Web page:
The downside to this app is that it doesn’t allow me to select custom colors. I have to reopen the Philips app for that.

Another cool feature that we haven’t used yet is an app called Hue Disco. It will take your smartphone and use the microphone to produce a multi-colored strobe effect to the beat of your music. It’s really awesome and if we ever hosted parties, we’d use it. (but we don’t.)

The bloom lights in action. Image from www.meethue.com.
The bloom lights in action. Image from www.meethue.com.

The Bad

Have you ever tried to show a guest, or worse, your Grandma, how to use your TV with 3 different remotes? Think that’s tough? Try a light that requires an app!

There are a few ways around this: the lamp or lights can be turned off and on via the standard wall switch or switch on the lamp. When they’re turned back on, the lights are standard yellow light that must be changed via an app.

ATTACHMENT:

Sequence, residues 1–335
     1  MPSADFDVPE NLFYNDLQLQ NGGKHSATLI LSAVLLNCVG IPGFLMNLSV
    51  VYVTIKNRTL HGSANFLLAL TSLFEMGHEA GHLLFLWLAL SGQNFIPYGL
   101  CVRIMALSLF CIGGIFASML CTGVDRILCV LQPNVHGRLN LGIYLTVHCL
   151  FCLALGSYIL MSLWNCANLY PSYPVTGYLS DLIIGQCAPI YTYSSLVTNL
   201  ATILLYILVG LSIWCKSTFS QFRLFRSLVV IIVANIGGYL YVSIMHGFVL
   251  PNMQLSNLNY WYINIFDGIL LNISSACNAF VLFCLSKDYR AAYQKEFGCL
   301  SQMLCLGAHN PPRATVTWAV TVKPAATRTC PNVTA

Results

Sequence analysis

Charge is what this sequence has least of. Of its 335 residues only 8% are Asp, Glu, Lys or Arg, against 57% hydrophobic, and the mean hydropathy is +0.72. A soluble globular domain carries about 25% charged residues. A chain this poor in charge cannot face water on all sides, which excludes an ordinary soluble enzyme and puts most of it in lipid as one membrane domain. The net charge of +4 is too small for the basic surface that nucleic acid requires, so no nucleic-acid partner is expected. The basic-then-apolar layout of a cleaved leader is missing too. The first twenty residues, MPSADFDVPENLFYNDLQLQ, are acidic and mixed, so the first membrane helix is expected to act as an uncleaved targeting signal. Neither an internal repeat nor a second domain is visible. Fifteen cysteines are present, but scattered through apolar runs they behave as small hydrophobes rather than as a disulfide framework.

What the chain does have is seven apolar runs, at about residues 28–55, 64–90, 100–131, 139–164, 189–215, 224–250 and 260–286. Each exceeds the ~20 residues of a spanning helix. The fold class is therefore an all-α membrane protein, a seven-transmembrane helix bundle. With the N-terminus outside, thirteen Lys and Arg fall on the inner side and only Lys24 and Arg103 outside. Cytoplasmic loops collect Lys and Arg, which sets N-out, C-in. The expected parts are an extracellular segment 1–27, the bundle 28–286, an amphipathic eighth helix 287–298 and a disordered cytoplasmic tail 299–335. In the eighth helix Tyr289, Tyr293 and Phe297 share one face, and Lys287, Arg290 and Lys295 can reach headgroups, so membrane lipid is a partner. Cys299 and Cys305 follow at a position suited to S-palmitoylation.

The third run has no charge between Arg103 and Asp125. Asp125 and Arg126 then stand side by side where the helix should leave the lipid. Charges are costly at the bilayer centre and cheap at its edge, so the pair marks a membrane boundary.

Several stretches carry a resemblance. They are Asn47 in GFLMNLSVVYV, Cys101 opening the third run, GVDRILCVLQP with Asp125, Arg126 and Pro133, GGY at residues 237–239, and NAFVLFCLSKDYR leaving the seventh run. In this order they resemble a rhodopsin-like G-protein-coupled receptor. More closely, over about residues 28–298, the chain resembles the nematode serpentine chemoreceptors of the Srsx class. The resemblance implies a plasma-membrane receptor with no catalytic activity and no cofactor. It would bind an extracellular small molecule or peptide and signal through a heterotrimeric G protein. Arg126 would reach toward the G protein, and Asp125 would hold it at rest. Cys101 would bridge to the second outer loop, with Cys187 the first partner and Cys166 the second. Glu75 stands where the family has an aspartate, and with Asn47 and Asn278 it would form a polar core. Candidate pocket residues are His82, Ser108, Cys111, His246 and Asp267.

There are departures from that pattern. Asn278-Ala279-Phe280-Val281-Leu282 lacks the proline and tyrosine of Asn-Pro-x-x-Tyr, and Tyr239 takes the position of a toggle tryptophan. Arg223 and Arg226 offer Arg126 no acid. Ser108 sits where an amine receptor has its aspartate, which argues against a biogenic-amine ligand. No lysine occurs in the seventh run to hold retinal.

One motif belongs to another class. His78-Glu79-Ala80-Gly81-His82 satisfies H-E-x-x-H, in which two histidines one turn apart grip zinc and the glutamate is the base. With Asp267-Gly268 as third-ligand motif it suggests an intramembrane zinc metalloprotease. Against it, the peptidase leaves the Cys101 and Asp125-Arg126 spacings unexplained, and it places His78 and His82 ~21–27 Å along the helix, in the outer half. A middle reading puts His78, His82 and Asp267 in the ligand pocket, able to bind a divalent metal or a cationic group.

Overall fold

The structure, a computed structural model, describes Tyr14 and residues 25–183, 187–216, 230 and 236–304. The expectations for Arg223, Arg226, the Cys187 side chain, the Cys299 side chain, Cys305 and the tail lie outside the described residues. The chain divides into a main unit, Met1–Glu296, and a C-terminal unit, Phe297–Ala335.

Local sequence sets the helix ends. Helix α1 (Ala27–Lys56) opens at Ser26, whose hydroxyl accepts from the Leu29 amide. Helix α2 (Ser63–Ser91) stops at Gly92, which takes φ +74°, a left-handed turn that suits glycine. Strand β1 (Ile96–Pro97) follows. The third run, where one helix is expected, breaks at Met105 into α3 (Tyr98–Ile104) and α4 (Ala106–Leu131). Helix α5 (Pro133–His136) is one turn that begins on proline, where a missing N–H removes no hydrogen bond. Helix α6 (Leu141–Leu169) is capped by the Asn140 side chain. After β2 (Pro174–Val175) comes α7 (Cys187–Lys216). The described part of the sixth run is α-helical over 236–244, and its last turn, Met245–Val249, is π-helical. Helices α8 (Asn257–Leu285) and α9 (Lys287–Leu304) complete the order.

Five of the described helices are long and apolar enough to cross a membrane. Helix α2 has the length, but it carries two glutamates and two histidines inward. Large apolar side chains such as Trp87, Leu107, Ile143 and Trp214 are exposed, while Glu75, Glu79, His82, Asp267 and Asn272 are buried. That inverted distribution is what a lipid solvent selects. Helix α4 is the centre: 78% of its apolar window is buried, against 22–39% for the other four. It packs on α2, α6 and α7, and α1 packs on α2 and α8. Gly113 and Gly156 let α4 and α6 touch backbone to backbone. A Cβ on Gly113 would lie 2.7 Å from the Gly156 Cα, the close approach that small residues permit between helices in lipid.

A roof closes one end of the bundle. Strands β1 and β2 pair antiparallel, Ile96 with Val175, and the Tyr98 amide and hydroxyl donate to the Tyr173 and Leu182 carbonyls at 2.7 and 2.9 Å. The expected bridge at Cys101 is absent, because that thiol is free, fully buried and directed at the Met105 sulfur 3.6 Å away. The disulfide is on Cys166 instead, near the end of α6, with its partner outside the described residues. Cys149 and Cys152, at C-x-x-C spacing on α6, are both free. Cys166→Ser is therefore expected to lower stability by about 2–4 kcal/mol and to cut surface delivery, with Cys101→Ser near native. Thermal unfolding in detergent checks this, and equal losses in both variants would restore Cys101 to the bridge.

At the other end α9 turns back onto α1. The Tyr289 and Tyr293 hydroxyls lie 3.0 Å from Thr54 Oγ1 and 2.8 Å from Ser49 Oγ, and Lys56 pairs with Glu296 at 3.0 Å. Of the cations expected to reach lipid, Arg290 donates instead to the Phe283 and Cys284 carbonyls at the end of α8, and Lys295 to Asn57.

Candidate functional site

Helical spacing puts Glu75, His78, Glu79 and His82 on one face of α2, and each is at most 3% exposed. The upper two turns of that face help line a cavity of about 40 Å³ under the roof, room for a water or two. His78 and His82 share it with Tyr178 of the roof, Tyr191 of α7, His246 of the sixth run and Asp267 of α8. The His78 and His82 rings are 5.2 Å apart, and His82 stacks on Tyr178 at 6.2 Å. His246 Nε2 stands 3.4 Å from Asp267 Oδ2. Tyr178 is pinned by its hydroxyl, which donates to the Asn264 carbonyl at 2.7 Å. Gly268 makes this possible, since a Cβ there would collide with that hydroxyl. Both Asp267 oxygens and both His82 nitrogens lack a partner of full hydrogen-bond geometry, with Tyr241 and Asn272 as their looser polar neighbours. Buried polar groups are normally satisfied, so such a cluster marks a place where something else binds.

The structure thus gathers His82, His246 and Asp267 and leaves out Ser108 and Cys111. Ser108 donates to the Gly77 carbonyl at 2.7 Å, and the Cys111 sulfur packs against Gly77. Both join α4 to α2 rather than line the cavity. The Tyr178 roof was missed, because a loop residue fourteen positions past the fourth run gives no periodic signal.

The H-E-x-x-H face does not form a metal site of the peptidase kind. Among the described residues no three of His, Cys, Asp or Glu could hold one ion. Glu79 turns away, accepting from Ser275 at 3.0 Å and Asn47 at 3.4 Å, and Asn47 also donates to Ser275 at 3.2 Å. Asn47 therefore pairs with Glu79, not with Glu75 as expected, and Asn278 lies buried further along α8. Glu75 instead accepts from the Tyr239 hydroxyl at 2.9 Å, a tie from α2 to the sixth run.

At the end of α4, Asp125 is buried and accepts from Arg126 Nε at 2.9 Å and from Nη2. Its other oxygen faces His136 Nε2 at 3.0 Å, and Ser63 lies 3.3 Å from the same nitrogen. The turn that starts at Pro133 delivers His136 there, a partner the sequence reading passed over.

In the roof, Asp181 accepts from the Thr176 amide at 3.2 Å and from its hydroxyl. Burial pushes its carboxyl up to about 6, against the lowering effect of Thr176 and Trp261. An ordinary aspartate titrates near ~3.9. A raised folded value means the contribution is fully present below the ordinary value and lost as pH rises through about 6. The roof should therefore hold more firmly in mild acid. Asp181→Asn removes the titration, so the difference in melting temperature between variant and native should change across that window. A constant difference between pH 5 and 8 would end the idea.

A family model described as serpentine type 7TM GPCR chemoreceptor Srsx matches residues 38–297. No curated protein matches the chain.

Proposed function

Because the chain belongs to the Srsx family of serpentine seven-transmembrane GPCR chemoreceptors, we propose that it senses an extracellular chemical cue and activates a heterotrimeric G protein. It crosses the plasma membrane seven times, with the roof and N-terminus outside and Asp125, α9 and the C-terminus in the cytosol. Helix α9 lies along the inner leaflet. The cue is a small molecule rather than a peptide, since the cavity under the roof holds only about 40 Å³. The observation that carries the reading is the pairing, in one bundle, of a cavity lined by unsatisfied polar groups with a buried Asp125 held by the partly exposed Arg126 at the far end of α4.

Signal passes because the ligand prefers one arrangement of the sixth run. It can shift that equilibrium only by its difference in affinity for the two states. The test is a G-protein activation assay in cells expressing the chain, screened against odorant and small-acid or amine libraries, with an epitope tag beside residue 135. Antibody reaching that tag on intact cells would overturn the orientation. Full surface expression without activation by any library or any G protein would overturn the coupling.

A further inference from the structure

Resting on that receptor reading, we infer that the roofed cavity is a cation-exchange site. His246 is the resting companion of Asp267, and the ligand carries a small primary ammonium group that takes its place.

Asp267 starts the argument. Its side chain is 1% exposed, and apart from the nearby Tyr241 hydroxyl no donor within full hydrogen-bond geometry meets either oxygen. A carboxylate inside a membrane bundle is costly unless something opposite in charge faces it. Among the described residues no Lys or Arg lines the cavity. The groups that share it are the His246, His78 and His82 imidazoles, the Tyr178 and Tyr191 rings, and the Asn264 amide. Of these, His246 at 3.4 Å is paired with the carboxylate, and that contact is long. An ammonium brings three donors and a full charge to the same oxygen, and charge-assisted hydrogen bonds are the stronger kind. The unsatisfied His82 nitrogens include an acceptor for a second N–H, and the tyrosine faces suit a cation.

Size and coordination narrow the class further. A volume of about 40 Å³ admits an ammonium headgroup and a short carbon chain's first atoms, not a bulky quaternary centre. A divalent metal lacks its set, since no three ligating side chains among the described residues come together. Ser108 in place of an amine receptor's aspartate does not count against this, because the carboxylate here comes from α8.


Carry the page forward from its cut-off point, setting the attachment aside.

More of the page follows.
If I’ve forgotten to turn off the lamp in the bedroom and my phone is charging in the kitchen, I can turn off the lamp the old-fashioned way, but I have to remember to turn it back on for the app to control it later.

One way around this is the hue tap switch. It lets you set up three different color combinations on your lights, as well as an off switch that turns off any combination of lights you choose.

Lastly: the price. The starter kit is $300. Each bulb is $50. The tap switch is $50. It really adds up quickly. The cost of outfitting an entire house, or a large room with recessed lighting alone could be very high.

Image from www.meethue.com
App image from www.meethue.com.